I have regularly included posts on this weblog which emphasized the downside to a belief in a mythological god and especially in the inherent evils of an organized church. I’lll admit that, although I was committed to the information, it often was presented in seemingly unrelated pieces, a little here and a little there. But today I ran across a post at Salon which codified 12 of the worst things that religion foisted on humanity. I’ll just itemize them here but everyone should go to Salon or Alternet and read the complete article (the 12 evils are much more developed and far more upsetting in the original article).
12 worst ideas religion has unleashed on the world: Conflict, cruelty and suffering — not love and peace
Some of humanity’s technological innovations are things we would have been better off without: the medieval rack, the atomic bomb and powdered lead potions come to mind. Religions tend to invent ideas or concepts rather than technologies, but like every other creative human enterprise, they produce some really bad ones along with the good. …
These twelve dubious concepts promote conflict, cruelty, suffering and death rather than love and peace. To paraphrase Christopher Hitchens, they belong in the dustbin of history just as soon as we can get them there.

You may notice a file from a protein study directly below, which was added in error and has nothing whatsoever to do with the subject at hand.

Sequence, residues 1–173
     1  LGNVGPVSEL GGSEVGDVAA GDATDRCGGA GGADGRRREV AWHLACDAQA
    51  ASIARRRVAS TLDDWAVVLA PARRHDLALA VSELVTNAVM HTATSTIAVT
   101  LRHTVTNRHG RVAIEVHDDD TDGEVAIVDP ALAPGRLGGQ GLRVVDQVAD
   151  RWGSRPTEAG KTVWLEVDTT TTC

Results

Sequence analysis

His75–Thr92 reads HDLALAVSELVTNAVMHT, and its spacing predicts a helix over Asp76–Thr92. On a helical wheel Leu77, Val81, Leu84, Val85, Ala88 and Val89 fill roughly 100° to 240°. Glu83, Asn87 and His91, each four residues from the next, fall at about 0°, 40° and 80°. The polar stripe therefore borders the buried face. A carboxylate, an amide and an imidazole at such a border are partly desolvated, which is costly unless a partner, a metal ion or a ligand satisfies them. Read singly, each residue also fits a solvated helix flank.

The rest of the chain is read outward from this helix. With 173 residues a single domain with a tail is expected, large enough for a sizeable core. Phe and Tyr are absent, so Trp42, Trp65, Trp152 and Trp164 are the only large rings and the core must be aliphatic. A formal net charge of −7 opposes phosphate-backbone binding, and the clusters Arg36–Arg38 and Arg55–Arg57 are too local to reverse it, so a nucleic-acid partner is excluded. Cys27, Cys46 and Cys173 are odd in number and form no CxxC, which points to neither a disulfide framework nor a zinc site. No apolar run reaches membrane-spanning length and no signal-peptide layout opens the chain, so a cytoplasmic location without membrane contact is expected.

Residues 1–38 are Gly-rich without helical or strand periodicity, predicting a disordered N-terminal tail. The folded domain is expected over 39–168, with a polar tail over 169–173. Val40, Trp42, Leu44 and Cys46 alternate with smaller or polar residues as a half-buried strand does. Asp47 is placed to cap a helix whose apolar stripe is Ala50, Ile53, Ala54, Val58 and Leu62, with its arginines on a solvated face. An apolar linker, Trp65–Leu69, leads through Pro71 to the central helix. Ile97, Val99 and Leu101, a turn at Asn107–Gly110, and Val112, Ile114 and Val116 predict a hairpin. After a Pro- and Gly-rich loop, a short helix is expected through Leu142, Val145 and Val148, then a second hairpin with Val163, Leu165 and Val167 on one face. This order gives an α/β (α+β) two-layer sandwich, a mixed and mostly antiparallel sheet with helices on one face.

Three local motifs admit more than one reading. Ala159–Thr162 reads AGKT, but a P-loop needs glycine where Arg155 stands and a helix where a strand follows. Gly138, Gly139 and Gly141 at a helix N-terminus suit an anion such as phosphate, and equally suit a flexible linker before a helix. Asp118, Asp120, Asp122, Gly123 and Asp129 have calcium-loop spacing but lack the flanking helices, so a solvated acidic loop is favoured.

- Chosen People
- Holy War
- Glorified suffering
- Genital mutilation
- Blood sacrifice
- Eternal Life
- Male Ownership of Female Fertility
- Bibliolatry (aka Book Worship)
Adherents who think their faith is perfect, are not just naïve or ill informed. They are developmentally arrested, and in the case of the world’s major religions, they are anchored to the Iron Age, a time of violence, slavery, desperation and early death. …
Religious apologists often try to deny, minimize, or explain away the sins of scripture and the evils of religious history. “It wasn’t really slavery.” “That’s just the Old Testament.” “He didn’t mean it that way.” “You have to understand how bad their enemies were.” “Those people who did harm in the name of God weren’t real [Christians/Jews/Muslims].” Such platitudes may offer comfort, but denying problems doesn’t solve them. Quite the opposite, in fact. Change comes with introspection and insight, a willingness to acknowledge our faults and flaws while still embracing our strengths and potential for growth. …
In a world that is teeming with humanity, armed with pipe bombs and machine guns and nuclear weapons and drones, we don’t need defenders of religion’s status quo—we need real reformation, as radical as that of the 16th Century and much, much broader. It is only by acknowledging religion’s worst ideas that we have any hope of embracing the best.